Large Arts and Cultural Institutions Make Northwest Arkansas a Major Arts Community in America
Photo: Courtesy Crystal Bridges Museum of American Art in Bentonville
A new study commissioned by the Walton Family Foundation and led by Zannie and Glenn Voss of SMU DataArts examines the arts vibrancy of Northwest Arkansas. The study found that since 2013, arts vibrancy in the region has increased overall, due to an established core of large arts and cultural institutions, such as Crystal Bridges Museum of American Art in Bentonville. However, the study also shows that the area severely lacks independent artists and small arts and cultural organizations.
For the study, SMU DataArts examined the arts vibrancy rankings of Benton and Washington counties to uncover trends over five years, 2013-2017. The main objective with this deep dive into the data was to provide the Walton Family Foundation with data-driven insights to help guide their funding practices. The report includes an evaluation of arts providers, arts dollars, and government support as well as socio-economic and other types of leisure rankings compared to similar counties around the country. These measures are designed to help gain a broad perspective on the health and landscape of the arts and culture community throughout NW Arkansas in relation to similar communities elsewhere in order to identify successes as well as weaknesses.
Evaluations of arts providers include scores on four measures: the number of arts and culture employees, the number of arts and culture organizations, the size-weighted number of arts, culture, and entertainment firms, and the number of independent artists on a per capita basis. According to these criteria, Benton County has seen a substantial increase in arts provider rankings and is now competitive with similar counties, based on the number of arts and culture employees and size-weighted number of arts, culture, and entertainment firms.
However, despite these two measures having increased the county’s overall arts provider ranking, both Benton and Washington counties lag behind similar communities in the number of arts and culture organizations as well as the number of independent artists working in the area.
While the recently established University of Arkansas School of Art may help attract independent artists to the area, the challenge lies in providing a thriving community for these artists to live and work in NW Arkansas long-term. The University of Arkansas already offers degrees in music and theatre, and theatre in the region maintains strong rankings overall. However, opera, music, and dance sectors all rank low.
Evaluations of arts dollars look at four measures on a per-capita basis: total program revenue, total contributed revenue, total expenses, and total compensation for all arts and cultural organizations in the market. This evaluation represents overall demand for arts and culture in the community.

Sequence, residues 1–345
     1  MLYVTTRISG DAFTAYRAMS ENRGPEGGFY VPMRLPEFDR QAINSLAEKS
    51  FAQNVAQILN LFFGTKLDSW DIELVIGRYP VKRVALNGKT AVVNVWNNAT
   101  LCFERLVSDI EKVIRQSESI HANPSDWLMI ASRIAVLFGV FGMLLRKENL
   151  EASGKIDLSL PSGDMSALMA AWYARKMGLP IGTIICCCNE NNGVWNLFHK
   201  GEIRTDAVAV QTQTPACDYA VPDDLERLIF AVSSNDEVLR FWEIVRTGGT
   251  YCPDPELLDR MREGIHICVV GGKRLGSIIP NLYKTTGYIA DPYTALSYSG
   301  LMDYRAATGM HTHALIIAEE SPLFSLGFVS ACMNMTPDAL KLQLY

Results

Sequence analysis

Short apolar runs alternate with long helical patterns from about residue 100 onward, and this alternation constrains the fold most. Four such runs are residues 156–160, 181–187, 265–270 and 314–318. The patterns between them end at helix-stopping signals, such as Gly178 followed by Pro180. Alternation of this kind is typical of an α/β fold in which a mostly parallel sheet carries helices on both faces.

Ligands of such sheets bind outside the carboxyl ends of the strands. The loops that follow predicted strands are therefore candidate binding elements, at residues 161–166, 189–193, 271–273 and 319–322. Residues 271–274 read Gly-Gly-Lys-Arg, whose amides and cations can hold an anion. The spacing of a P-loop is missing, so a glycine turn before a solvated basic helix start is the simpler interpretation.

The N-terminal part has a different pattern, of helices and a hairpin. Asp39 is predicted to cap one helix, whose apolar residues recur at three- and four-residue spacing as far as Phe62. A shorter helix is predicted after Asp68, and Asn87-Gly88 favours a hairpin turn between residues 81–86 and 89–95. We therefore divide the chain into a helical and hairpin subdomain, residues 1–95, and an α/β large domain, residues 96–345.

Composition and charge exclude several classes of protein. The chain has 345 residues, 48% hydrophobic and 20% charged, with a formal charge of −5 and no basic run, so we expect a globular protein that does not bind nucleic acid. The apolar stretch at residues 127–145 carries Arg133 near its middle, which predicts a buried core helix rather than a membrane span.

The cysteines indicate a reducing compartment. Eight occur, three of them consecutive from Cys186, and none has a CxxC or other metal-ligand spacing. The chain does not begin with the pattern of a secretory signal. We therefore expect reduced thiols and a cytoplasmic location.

Both counties show considerable increases in ranking over the five-year period, whereas similar counties throughout the nation have seen a decline in arts dollars. According to the analysis, NW Arkansas shows a strong demand for the art museum sector and rising demands in arts education, other museums, community-based, performing arts center, and theatre sectors. However, the area falls short in dance, music, orchestra, opera, and general performing arts sectors compared to similar counties.
The government support rankings are also measured on a per capita basis for total state arts grant dollars, the number of state arts grants, total federal arts grants dollars, and the number of federal arts grants allocated to arts and cultural organizations in the market. Local government support was not included in this measure due to the unreliable data; however, based on interviews, arts and culture leaders throughout NW Arkansas seem to agree that local government support is adequate.
Both Benton and Washington counties are competitive in government support rankings compared to similar counties. Benton County saw a drastic increase in overall support from 2015 to 2016, which also translated to an increase for Washington County from 2015 to 2017. This increase is in large part attributable to an increase in federal funding, both in the number of grants available and the total dollar amount funded. However, the relative number of federal grant dollars is substantially higher than the relative number of federal grants available, indicating that federal funding tends to provide large-sum grants to a small number of recipients.
On the other hand, state arts funding in NW Arkansas is strong overall and appears to be spread out over many recipients. As a result, both counties receive commensurate funding in state arts grant dollars compared to other counties.
Looking at socio-economics and other leisure activities as driving forces for the arts can help us understand the bigger picture and the important but indirect roles these factors play. According to our analysis, both Benton and Washington counties lag behind similar communities in socio-economic measures. Specifically, both counties are low in measures of per capita income, percentage of population with a bachelor’s degree, and percentage of households with income greater than $150k annually. Additionally, both counties rank low in other leisure activities, despite an increase in hotels, restaurants, and bars over the five-year period.